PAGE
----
I just read Alfie Kohn’s take on the Summer Slide. He puts forward an interesting argument and correlates the ‘fear’ of loss of progress over the summer with the same fear of what will happen if teachers don’t assign homework (hint: Mayhem! Chaos! Kids Gone Wild!).
He summarizes his argument:
By the time September rolls around, kids may indeed be unable to recall what they were told in April: the distance between the earth and the moon, or the definition of a predicate, or the approved steps for doing long division. But they’re much less likely to forget how to set up an experiment to test their own hypothesis (if they had the chance to do science last spring), or how to write sentences that elicit a strong reaction from a reader (if they were invited to play with prose with that goal in mind), or what it means to divide one number into another (if they were allowed to burrow into the heart of mathematical principles rather than being turned into carbon-based calculators).
Summer learning loss? It’s just a subset of life learning loss—when the learning was dubious to begin with.
His summary is really a blueprint for what parents can do (and teachers can support) in order to use the summer break as an opportunity for growth rather than loss: Do experiments, swing in a hammock and write a story from the perspective of something around you, bake something or make something that has you using your math skills, for real. Most importantly, focus on the process of having a summer vacation and all that entails: rest, experiences, creation, re-creation, and play.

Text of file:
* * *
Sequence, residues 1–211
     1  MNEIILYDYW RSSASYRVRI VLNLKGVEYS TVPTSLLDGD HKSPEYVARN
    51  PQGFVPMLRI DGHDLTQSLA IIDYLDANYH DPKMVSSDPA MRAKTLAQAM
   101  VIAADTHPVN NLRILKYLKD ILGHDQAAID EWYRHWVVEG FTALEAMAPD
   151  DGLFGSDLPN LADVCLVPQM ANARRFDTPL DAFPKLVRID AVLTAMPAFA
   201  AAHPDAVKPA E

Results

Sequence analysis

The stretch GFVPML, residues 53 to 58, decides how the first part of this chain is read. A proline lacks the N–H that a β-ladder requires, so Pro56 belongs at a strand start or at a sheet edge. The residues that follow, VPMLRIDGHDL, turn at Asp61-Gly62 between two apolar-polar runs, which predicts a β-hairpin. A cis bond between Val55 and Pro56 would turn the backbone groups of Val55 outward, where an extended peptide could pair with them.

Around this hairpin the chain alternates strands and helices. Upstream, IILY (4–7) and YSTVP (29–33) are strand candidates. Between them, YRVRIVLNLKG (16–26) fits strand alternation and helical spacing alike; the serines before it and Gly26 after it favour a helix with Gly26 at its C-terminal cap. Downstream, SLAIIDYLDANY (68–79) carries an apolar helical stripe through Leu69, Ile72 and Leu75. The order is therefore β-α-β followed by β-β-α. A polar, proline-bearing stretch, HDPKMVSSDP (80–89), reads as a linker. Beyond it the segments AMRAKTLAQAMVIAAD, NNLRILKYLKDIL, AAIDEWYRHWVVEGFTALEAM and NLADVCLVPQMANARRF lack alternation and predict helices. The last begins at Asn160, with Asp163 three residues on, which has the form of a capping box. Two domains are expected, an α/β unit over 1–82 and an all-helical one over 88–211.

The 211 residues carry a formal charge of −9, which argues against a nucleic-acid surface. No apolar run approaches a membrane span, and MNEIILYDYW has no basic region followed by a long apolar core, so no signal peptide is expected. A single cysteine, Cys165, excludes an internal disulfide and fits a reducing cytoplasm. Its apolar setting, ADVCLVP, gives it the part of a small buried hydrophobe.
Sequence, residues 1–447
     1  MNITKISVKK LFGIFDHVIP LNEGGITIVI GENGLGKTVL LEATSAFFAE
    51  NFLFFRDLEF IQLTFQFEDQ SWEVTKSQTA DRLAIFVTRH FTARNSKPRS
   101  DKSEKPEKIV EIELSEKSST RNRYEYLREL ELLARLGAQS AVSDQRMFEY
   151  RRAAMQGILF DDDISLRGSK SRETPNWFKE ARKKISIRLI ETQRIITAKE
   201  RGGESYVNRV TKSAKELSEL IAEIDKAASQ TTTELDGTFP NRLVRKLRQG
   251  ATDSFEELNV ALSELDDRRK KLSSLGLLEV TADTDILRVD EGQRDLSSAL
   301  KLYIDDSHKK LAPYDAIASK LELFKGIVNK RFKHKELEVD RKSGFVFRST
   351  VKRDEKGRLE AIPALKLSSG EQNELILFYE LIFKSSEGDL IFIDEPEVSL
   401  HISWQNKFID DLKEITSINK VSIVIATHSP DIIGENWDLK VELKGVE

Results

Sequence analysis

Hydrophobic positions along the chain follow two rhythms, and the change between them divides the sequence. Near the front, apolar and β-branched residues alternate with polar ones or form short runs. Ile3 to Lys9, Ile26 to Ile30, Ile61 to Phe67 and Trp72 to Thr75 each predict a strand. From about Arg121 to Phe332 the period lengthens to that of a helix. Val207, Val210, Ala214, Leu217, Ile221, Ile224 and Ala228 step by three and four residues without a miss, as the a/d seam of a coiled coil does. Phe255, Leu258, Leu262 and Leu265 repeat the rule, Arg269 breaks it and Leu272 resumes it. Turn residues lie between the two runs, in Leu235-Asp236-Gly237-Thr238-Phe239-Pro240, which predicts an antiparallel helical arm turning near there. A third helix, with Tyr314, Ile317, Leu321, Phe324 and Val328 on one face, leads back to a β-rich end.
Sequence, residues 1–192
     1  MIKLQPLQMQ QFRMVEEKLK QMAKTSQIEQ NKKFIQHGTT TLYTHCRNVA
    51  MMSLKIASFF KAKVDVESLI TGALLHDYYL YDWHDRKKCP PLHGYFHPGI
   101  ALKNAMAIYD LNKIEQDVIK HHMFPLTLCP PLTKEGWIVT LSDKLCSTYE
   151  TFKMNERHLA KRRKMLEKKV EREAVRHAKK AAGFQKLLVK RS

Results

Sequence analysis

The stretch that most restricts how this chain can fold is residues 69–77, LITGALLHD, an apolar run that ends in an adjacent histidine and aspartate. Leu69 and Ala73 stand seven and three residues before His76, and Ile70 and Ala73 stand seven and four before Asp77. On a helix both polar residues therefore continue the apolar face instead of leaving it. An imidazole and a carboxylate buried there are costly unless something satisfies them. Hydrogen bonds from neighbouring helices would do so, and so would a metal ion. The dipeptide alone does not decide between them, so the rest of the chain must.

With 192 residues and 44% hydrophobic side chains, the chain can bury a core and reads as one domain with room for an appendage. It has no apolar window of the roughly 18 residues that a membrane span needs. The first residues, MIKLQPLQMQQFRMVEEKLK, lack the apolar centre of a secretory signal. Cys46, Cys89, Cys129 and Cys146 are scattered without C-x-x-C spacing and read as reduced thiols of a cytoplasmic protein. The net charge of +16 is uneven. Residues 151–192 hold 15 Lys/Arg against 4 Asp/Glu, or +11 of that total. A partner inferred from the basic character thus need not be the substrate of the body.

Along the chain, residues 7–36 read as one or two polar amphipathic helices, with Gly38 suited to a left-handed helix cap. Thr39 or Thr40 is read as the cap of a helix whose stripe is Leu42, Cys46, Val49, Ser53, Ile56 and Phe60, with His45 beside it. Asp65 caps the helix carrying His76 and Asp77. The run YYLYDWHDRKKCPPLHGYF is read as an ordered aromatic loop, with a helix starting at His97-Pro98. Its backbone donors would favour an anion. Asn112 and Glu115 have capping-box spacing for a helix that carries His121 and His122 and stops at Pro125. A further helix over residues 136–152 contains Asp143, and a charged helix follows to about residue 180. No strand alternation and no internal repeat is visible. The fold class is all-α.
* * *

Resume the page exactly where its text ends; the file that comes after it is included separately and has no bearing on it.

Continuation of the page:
As Kohn points out, the ‘summer slide’ is evident when standardized test scores are compared. But what about the skills that can not be measured on such a test?
My take on combatting the slide? Here are some Summer Learning slides I shared with the parents at my school:
With the exception of the ‘knowing’ slide, which gives details of websites in which students can practice traditional academic skills, the tools suggested focus on the idea of creating and documenting based on experiences. The more children see, do, touch, feel, experience, and try, the more they will have to speak, write, and create about.
In addition to technology, get outside, and read (read outside or just read and then go outside or vice versa). If you are needing help with summer reading, look no further than my favorite book blog: One Page To The Next. Last summer she posted on Summer Reading for Book Enthusiasts. This summer, her Summer Reading post is another great spread of excitement for readers.
Finally, I love this list of ideas for experiences for kids from Ranger Rick. Take a look and download from here – and then make a digital book, i-movie, podcast, artwork, poem, rap song, comic book, or ??? about your experience!